According to the President of HHD Imports, Harry Drung (a veteran importer of German wines in the Ontario market), “Pinot Noir is the most widely planted red grape varietal in the country, and it’s the world’s third-largest producer after France and the USA.”
German’s light and earthy Pinot Noirs are more like modest French Burgundy than the fruit-bomb Pinots of California. Günter Zimmermann (from WG Königschaffhausen Winery) reveals that the wine regions of Baden, Ahr, and Pfalz are producing incredible versions that can stand up to and against the greatest French Burgundies. “It’s an exciting time for German winemakers. German Pinot Noirs have won several international competitions against Burgundies.” Indeed, this may well be the next big wine of Germany.
German winemakers are also vinifying Spätburgunders to make Pinot Blanc de Noirs (white from black). As Zimmerman points out, “the process is like making white wines; the skins of the grapes have little contact with the pressed grape juice. Blanc de Noirs are unique and complex, they have more body and are more fruit driven than white wines, and they are more refreshing and acidic than the red wines that these grapes would make.”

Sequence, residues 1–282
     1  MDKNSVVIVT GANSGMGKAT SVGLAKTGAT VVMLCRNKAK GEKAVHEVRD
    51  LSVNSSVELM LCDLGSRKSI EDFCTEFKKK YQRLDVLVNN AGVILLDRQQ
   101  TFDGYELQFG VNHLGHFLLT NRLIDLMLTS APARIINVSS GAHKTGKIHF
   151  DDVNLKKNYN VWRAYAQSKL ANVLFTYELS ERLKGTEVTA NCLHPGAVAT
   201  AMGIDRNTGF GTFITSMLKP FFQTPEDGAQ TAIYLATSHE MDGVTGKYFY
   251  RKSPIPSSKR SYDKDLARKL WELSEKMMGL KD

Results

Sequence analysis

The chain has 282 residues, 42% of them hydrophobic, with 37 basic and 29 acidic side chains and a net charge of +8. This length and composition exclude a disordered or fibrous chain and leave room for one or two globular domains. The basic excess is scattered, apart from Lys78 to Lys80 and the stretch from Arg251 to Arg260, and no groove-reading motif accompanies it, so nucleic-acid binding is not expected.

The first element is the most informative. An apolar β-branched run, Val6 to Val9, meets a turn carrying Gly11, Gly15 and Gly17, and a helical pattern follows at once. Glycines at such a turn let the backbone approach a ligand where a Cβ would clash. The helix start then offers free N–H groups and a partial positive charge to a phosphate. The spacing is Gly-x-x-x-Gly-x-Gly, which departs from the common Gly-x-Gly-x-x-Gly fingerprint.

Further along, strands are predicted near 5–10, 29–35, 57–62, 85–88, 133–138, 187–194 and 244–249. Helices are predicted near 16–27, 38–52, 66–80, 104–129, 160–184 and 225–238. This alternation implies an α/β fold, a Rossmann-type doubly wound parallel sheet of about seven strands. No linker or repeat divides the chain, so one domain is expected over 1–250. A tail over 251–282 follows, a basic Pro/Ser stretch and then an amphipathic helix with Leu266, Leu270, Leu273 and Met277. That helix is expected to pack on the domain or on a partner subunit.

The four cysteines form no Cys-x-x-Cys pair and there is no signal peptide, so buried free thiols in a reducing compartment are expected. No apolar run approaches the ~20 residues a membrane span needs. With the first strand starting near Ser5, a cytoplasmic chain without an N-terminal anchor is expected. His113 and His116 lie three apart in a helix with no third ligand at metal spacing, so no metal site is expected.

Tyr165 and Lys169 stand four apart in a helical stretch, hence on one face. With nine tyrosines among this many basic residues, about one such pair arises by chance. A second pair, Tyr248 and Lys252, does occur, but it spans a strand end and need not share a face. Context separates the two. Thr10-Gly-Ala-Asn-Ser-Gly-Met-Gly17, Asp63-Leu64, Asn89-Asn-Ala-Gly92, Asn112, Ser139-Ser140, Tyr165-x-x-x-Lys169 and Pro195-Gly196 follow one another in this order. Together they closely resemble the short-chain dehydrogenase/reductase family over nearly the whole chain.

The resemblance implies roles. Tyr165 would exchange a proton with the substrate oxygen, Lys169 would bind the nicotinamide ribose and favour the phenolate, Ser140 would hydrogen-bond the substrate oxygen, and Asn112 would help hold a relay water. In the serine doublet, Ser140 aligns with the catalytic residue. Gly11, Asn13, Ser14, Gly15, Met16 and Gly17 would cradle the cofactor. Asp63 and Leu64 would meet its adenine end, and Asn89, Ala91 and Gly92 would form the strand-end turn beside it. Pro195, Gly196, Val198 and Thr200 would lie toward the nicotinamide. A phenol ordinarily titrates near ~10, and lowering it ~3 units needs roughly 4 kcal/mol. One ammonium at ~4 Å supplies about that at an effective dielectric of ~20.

myth #4: germany is just riesling
It’s hard not to associate Riesling with German wine. It’s the grape that truly put Germany on the map (over 50 per cent of the grapes grown in the country are Riesling). However, the new generation of winegrowers wants the world to know that Germany is much more than Riesling.
Let me introduce to you Silvaner and Müller-Thurgau from Franken. Prost! to Weissburgunder (Pinot Blanc) or Grauburgunder (Pinot Gris) from Baden. In fact, there are over 140 grape varietals grown in Germany. Due to global warming and climate change, the country has had success growing Chardonnay, Sauvignon Blanc, Cabernet Franc, Cabernet Sauvignon, Syrah, and Merlot.
myth #5: german wines are mostly average quality
Blame this misconception on the 1971 German Wine Law. Under this law (legally speaking), the sweetest grapes by definition made the best wine. Sugar content at harvest was all that mattered. Not the terroir, not the grape variety, and not the yield. The sugar-forward law was a horrible tragedy for many of the country’s greatest winemakers. They fought an uphill battle to resist these sabotaging winemaking techniques. Instead, they stuck to their guns and continued growing Riesling on steeply sloping German vineyards. Sadly, these top-notch Rieslings were all but washed away by the flood of cheap mass-produced wines hitting the market.
During the 1970s and ‘80s, Liebfraumilch and its variations (Blue Nun, Black Tower, etc) lined the shelves of wine stores. These unsophisticated wines (not made from Riesling) garnered much popularity for novice wine drinkers. However, they left a bad taste in the mouth of many wine connoisseurs and stigmatized all German wines. Sales declined in the ‘90s as the world turned to drier styles.